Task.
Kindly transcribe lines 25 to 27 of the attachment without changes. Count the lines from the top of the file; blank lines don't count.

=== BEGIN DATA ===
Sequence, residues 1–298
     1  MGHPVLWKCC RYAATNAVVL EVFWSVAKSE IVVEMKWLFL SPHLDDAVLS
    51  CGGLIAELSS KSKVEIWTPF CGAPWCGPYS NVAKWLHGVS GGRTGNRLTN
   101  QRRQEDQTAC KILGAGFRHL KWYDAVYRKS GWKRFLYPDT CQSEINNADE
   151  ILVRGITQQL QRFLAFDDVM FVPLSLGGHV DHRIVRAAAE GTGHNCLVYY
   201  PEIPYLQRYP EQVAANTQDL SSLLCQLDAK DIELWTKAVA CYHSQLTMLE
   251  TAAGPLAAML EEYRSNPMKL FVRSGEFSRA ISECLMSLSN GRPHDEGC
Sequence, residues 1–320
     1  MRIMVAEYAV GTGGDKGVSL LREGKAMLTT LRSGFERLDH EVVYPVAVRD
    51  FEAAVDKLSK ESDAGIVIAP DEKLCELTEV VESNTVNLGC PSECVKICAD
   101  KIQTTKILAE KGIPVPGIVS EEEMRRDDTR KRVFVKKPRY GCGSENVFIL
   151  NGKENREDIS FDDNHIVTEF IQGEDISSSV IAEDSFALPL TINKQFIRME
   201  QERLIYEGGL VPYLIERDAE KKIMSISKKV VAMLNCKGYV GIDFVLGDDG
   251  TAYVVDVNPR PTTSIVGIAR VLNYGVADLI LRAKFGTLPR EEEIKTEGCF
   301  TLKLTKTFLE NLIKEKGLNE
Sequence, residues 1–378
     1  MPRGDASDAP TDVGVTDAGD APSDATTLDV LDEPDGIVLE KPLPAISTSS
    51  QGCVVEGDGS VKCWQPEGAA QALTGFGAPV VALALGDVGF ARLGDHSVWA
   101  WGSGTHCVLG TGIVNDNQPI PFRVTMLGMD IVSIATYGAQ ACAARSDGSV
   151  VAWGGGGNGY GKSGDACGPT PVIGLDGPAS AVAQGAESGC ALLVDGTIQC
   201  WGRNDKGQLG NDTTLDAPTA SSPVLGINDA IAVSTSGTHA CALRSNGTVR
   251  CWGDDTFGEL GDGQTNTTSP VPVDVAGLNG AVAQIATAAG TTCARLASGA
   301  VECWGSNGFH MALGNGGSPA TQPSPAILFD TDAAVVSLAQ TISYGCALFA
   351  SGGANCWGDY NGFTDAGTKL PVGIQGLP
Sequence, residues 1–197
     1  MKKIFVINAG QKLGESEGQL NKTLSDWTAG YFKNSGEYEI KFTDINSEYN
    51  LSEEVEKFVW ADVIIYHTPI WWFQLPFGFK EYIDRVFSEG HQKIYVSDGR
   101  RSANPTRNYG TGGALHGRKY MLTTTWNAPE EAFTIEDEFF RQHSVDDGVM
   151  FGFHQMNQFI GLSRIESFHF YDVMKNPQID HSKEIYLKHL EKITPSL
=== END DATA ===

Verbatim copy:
Sequence, residues 1–197
     1  MKKIFVINAG QKLGESEGQL NKTLSDWTAG YFKNSGEYEI KFTDINSEYN
    51  LSEEVEKFVW ADVIIYHTPI WWFQLPFGFK EYIDRVFSEG HQKIYVSDGR